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Mr. Limpet’s Green Offsprings?


Made in 1964, ‘The Incredible Mr. Limpet‘, a film set during World War II is about a man named Henry Limpet, who would rather be a fish than human. One day his dream comes true suddenly when he falls off the pier at Coney Island and transforms into a fish. From this point Henry finds his destiny, finding true love and working for the US Navy to help defeat Nazis submarines with a super-sonic roar. I loved this movie when I was a kid. Don Knotts looked astonishingly like his animated fish character, Mr. Limpet.

So, what’s this got to do with an environmental blog, you ask? Well, a school of mechanical, battery-powered robots in the shape of fish, that look surprisingly like a bunch of Mr. Limpets (without the glasses), will be released into the waters in the northern Spanish port of Gijon to help monitor pollution. Chosen because port authorities there had expressed an interest in the technology, and assisted with a 2.5-million-pound ($3.6 million) grant from the European Union, allows the robotic fish to patrol the harbor.

robot fish

robot fish

According to University of Essex robotics expert Huosheng Hu whose team (along with BMT Group Ltd., and a consortium), is manufacturing the machines, the 5-foot-long (1.5-meter-long) robots work by mimicking the swishing movements of a fish’s tail, a design by nature which turns out to be very energy efficient. Sure it is, Mother Nature has been fine tuning the prototype for zillions of years now.

Hu said he hopes to release the robo-fish into the water within the next 18 months. He didn’t know precisely what the machines would look like or even what they would be made of, but he acknowledged the bigger fish probably wouldn’t have the charm of their smaller, blue-and-silver cousin that’s been swimming around in London’s aquarium since 2005, (Ah Shucks!). The project’s more focused on robustness plus they would have to be bigger to withstand higher water pressures and powerful Atlantic tides.

Sensors will help them avoid obstacles such as rocks or moving ships, and the fish can swap navigational information with each other using a form of sonar. The robotic fish will also be equipped with sensors to monitor oxygen levels in the water, detect oil slicks spilled from ships or contaminants pumped into the water from underground pipes to monitor the harbor’s environmental health. If you have every lived near a port, this is incredibly important.

Countless times I have watched a ship come into Galveston Bay headed for the Houston Ship Channel, leaving in it’s wake, foamy, gray-brown, oily water rolling to shore. What causes this? The ships purging the bilge tanks of their polluting mess. Leaving you with a feeling of hopeless anger. Yes, it’s illegal and the shipping industry knows it, but they also know there’s really been no way to catch them. Until now, LAUGH OUT LOUD!

Information gathered from the robot fish would be transmitted to the port’s control center using a wireless Internet signal when the devices surface. The data gathered will be used to create a three-dimensional pollution map of the harbor’s area. When their batteries are nearing the end of their eight-hour capacity, they can swim back to a power hub to recharge. Their estimated maximum speed is about one yard (1 meter) per second and cost is approximately 20,000 pounds ($28,000) each to manufacture.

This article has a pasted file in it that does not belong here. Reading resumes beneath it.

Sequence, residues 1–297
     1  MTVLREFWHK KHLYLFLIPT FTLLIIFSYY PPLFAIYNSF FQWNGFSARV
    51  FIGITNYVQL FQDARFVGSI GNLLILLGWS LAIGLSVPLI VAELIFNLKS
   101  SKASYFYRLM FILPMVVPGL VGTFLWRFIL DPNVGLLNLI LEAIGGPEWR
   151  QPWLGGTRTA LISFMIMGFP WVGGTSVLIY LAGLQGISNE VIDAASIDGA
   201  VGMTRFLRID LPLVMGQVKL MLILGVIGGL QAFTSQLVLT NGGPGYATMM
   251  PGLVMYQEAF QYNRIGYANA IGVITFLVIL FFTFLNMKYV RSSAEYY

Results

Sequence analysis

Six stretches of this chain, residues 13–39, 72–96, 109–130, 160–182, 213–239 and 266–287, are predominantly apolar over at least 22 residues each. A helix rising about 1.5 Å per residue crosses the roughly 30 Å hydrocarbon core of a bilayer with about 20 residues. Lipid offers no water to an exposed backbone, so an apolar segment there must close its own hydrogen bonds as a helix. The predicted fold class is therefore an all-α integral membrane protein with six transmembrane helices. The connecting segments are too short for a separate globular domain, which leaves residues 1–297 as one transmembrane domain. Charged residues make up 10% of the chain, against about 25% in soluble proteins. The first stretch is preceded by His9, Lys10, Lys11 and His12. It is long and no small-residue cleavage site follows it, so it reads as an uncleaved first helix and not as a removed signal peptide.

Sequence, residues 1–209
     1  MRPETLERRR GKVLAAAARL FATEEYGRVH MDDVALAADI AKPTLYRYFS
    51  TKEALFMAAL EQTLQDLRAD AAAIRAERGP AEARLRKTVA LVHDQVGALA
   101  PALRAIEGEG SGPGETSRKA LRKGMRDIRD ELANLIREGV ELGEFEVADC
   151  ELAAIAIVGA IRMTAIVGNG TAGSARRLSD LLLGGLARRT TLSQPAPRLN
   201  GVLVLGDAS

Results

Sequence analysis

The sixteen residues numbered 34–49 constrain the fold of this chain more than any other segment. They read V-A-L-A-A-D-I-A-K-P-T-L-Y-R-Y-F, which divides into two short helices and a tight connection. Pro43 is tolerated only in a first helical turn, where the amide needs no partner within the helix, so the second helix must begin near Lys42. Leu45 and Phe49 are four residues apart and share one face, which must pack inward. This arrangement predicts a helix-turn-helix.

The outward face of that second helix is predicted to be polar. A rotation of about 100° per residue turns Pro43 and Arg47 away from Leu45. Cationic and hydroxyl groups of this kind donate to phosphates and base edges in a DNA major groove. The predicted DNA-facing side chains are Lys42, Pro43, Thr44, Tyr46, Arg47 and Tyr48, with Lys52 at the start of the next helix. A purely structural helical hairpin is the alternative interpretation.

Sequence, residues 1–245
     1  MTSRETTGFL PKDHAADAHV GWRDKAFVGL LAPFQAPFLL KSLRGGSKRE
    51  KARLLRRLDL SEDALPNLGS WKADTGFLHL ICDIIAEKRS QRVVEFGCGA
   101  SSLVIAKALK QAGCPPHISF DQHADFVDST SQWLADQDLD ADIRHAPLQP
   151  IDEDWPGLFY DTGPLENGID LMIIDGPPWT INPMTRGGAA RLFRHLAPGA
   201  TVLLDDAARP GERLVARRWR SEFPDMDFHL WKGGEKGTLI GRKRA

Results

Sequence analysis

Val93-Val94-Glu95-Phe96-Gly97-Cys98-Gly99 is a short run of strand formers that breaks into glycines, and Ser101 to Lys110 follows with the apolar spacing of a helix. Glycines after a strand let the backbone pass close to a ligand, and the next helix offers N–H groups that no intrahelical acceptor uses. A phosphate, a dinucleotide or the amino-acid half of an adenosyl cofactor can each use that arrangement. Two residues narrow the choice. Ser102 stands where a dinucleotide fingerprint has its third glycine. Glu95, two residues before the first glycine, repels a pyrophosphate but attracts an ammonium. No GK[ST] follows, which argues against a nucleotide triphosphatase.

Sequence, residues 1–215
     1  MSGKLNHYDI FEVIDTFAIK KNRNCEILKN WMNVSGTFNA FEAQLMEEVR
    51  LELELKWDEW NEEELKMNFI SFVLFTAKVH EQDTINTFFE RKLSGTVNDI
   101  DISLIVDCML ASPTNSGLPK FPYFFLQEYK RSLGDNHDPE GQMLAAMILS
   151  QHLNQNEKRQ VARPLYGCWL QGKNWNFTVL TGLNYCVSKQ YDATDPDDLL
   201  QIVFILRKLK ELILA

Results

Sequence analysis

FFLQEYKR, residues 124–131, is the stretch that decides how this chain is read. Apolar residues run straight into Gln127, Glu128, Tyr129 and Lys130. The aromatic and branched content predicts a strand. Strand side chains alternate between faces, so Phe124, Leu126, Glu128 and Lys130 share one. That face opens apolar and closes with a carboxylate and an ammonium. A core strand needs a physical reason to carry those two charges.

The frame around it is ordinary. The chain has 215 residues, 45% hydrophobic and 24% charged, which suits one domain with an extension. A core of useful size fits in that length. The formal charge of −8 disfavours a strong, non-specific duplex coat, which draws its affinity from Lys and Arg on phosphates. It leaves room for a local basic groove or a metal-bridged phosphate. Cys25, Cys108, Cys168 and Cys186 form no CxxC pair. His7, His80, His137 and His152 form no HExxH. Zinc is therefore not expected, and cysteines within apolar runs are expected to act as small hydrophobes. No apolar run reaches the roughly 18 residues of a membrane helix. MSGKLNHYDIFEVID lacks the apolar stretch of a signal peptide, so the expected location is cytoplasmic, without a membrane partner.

On a personal note: If Dr. Hu would add a small pair of glasses on the faces of the robo-fish, it would make a legion of Mr. Limpet fans around the would very happy…. Hey, it is just a suggestion!

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8 Responses to “Mr. Limpet’s Green Offsprings?”

  1. Says:

    Mr. Limpet’s Green Offsprings? | Forced Green…

    a school of mechanical, battery-powered robots in the shape of fish, that look surprisingly like a bunch of Mr. Limpets (without the glasses), will be released to help monitor pollution….

  2. Wind Says:

    OMG!! I love Mr. Limpet…it’s right up there with The Ghost and Mr. Chicken!!

    Winds last blog post..It’s Spring! Throw Your Duck in the Truck and go for a Ride!

  3. Linda Says:

    Hi Wind … Me Too! I figured Mr. Limpet was the perfect match for the robot fish!

  4. Anna Bell Says:

    OMG! They do look like Mr. Limpets! Does need the glasses tho! This was a great article. As I also live near a port I know exactly what you mean by “purging the bilge” – disgusting! I’m so glad they have found a way to track these sources of pollution.

    Nice, nice blog site!

  5. wilson Says:

    Beside of you, I’m also a big fan of this “The Incredible Mr.Limpet” movie, Linda. I loved the story very much and I watched it at least hundred times or more when I was a kid! lol Pretty crazy, Huh?

    wilsons last blog post..You Should Eat More Fruits and Vegetables After The Postpartum!

  6. Linda Says:

    Hi Anna Bell … They do don’t they! Thank you!

  7. Linda Says:

    Hi Wilson … LOL! I had no idea how many folks watched Mr. Limpet! Good childhood memories for us all!

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